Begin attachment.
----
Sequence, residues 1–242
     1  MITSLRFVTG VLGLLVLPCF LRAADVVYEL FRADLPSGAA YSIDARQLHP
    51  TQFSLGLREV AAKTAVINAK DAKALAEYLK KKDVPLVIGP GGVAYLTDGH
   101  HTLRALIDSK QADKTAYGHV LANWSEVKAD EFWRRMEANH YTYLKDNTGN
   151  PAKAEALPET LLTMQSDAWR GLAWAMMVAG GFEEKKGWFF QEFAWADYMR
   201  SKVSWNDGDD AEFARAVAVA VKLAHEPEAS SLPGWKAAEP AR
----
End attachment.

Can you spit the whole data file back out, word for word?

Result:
Sequence, residues 1–242
     1  MITSLRFVTG VLGLLVLPCF LRAADVVYEL FRADLPSGAA YSIDARQLHP
    51  TQFSLGLREV AAKTAVINAK DAKALAEYLK KKDVPLVIGP GGVAYLTDGH
   101  HTLRALIDSK QADKTAYGHV LANWSEVKAD EFWRRMEANH YTYLKDNTGN
   151  PAKAEALPET LLTMQSDAWR GLAWAMMVAG GFEEKKGWFF QEFAWADYMR
   201  SKVSWNDGDD AEFARAVAVA VKLAHEPEAS SLPGWKAAEP AR